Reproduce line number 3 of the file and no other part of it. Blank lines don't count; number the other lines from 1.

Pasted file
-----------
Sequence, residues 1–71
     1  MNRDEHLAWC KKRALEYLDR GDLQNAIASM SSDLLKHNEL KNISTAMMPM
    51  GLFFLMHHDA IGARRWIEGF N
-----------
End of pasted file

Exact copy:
    51  GLFFLMHHDA IGARRWIEGF N